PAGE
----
Wednesday, November 10, 2010
So she called her imam...
This is an excellent essay written by Dr. Susan Stickevers, M.D. about one of her personal experiences with Muslim American polygamy, and reprinted here with her very kind permission.
35 year old Fatima thought she had it all.
As a proud naturalized American citizen who immigrated to the US at age 7, Fatima realized that she had accomplished more in the United States than she could ever could have as a woman in her native Pakistan.
As a physical therapist with a masters degree, she commanded a high salary - higher than her husband's. Her seven year old son excelled in school, she lived in a comfortable home in a suburb of NYC, and she considered herself to be happily married to a wonderful Moslem man named Muhammad whom she had met through a matchmaker 9 years ago.
Fatima felt secure about her career, her future, and her marriage - until Muhammad returned home from a visit to his family in Pakistan and announced that he had married his 17 yr old cousin. He announced to a stunned Fatima that he intended to send money from their joint bank account to Pakistan on a regular basis to provide for his new wife's financial support. Muhammad told Fatima that he eventually planned to bring his young bride to the US so that she could live with them.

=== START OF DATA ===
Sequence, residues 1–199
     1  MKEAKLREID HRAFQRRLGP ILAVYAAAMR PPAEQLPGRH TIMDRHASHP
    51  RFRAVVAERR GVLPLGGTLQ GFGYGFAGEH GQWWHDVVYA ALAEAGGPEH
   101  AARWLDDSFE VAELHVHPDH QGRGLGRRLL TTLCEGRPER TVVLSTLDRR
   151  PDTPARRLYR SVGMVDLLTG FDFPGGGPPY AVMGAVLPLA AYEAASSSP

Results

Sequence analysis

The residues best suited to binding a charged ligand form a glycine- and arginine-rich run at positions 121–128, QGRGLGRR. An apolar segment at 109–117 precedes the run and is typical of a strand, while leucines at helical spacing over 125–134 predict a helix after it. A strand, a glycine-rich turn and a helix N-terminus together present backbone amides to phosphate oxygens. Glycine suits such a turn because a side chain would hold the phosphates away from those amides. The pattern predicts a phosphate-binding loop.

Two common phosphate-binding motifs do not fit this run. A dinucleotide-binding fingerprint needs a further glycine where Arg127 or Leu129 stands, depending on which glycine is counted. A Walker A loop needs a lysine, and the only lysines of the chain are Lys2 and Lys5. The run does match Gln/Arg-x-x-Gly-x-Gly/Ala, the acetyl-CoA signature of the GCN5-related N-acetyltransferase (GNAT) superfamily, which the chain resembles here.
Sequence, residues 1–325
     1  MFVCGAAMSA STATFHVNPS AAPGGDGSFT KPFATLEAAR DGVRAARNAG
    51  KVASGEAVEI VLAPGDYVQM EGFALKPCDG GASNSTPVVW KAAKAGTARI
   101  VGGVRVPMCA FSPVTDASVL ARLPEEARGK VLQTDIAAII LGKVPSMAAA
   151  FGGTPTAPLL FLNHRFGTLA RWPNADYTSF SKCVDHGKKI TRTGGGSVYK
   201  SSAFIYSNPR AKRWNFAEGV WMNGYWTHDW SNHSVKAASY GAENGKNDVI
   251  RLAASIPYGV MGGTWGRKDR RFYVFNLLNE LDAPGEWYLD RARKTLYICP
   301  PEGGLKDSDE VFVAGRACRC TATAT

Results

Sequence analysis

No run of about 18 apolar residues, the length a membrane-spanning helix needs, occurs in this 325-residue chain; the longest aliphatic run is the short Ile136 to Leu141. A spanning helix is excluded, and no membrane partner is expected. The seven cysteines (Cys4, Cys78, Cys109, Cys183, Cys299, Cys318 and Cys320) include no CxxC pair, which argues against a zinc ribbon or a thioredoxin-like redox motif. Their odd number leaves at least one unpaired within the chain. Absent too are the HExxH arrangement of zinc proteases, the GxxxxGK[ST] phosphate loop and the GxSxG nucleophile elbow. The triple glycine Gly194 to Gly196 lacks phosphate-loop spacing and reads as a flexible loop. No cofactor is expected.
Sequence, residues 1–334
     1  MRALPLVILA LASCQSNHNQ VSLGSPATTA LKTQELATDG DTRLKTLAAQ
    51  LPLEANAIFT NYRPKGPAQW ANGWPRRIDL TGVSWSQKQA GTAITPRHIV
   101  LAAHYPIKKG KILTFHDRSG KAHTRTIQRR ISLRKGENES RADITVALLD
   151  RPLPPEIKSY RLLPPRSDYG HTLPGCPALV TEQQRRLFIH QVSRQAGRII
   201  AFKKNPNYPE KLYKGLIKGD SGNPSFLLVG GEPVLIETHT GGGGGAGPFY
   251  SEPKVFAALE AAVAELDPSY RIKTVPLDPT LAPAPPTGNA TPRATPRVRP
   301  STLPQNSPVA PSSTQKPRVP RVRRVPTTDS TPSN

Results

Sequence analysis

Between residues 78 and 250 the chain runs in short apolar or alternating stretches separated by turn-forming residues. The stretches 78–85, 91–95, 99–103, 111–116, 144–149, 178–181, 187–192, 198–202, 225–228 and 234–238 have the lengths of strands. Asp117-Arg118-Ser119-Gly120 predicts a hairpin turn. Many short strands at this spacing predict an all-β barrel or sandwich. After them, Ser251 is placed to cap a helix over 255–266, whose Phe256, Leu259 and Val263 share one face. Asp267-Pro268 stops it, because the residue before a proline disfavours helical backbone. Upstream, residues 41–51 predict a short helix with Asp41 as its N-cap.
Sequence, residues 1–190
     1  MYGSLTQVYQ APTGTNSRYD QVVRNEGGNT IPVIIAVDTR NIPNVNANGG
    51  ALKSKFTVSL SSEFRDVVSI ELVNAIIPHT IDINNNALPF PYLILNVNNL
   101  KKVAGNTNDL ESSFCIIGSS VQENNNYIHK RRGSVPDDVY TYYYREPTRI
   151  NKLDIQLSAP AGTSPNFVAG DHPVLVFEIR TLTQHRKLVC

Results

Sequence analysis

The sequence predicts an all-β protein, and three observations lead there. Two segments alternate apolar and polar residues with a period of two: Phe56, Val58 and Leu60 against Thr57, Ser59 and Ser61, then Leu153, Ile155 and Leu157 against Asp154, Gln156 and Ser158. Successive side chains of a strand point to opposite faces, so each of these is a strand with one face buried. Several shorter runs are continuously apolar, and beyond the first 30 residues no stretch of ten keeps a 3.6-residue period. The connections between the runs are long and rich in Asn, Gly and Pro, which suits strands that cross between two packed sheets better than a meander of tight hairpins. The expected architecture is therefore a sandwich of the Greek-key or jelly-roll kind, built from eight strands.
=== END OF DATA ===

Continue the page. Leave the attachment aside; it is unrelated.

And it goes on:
Fatima was familiar with Sharia law regarding polygamous marriages. Muhammad was supposed to have asked her permission before he took a second wife.
He had not consulted her about his intention to marry a second time, so she called her imam. Her imam wearily informed her that she was one of many American Moslem women who had been duped by their husbands, and now there was nothing that could be done from a standpoint of Islamic law. Her imam informed her that she should simply learn to cope with Muhammad's decision to take another wife. Fatima found the prospect of sharing her husband, her home, and her finances with another woman to be intolerable.
Fortunately polygamy is illegal in NY State, and Fatima's attorney successfully used the threat of invoking NY anti - bigamy statutes to assist Fatima in gaining sole custody of her son, sole ownership of her home, and generous child support in her uncontested divorce settlement. Despite the fact that she has a substantial income which exceeds her husband's, Fatima is not required to make a monetary payment to Muhammad.
Susan M. Stickevers, MD